Mr Jobs said that pirated music was hard to find in an easily accessible form. "It takes about 15 minutes to find the right song and get a good working copy on the pirate networks," he said. "And what's more, it's stealing." The iTunes Music Store, which is accessed through the company's iTunes software, on Windows or Apple computers, offered fast, legal downloads. "And it's not stealing, it's good karma," he added.The biggest industry in the US is the service industry. The service industry is the quickest growing industry in the US and has been for years. We're not just talking about bartenders and waitresses. Whether it be phone support, sales, websites, offices or showroom floors, service is at the core of every industry.
As the US market matures the service industry will only become more important. As an example I cite the most mature economies in the world, the economies of the European nations. Take the the Netherlands for example, Services account for 69.7% of the Netherlands gross domestic product and 73% of the labor force (1998 est.). The US started out exporting it's physical resources, just like China and most developing nations start out. However an economy based on the creation, sale and export of physical goods is unsustainable. It's only logical for our service industry to to take an ever increasing precedence. That's is to say it's only logical that the biggest industry be serving one another.
The U.S. economy has changed in other ways as well. The population and the labor force have shifted dramatically away from farms to cities, from fields to factories, and, above all, to service industries. In today's economy, the providers of personal and public services far outnumber producers of agricultural and manufactured goodsWhat is service all about? It's about creating a good experience. People don't pay $5 for coffee at Starbucks because the coffee is "just that good". People pay $5 for coffee at Starbucks because in addition to good coffee Starbucks offers a great experience. What is this great experience Starbucks offers? In their own words they want to be the "third place". If the home is the place we spend the most time and work is the second place then Starbucks wants to be the third, an "extension of your living room".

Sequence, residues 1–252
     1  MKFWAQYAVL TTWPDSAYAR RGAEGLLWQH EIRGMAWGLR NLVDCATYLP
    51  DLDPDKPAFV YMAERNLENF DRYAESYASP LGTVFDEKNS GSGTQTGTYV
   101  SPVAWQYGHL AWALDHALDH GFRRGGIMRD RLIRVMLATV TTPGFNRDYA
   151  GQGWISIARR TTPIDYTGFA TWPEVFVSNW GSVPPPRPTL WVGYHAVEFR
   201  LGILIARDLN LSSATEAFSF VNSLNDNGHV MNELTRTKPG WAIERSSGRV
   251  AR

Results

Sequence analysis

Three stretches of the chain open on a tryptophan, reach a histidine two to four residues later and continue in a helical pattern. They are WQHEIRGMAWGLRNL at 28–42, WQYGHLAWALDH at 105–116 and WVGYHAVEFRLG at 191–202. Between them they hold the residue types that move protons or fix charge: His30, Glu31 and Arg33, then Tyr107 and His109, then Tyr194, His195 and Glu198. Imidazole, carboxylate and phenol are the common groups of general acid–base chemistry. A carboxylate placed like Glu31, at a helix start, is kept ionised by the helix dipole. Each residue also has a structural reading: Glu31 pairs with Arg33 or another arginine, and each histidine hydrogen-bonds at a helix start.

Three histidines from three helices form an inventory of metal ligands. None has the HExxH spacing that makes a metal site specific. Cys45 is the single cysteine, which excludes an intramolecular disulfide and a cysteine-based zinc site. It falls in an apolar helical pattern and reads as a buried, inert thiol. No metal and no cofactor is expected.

— from wikipedia.org
So, the number one coffee joint in the US doesn't even think of it self as a coffee place they think of themselves as an "extension of your living room". While experience is so prevalent to them, I still incredibly find that most businesses don't get the concept of experience. They have broken websites, broken call support centers, broken sales experiences, broken client interfaces, and generally broken communicative processes. They're cellular carriers that thought it would be a good idea to charge clients $3 for calling support. They're banks who thought it would be a good idea to charge $3 for talking to a teller in person. They are corporations with poor phone support and poor website who depend on them or expect to much of them. They are record labels whom did not identify opportunities to create better music experiences and when those opportunities are currently staring them right in the face still refuse to invest in alternatives to illegitimate file-sharing.
So, if the number one coffee joint knows that people pay for the atmosphere just as well as the coffee, then you would think the record labels would understand that music is about more than just selling little plastic disks. Somewhere along the line record labels lost track of what really matters, and what really matters is that the music is fundamentally all about experience.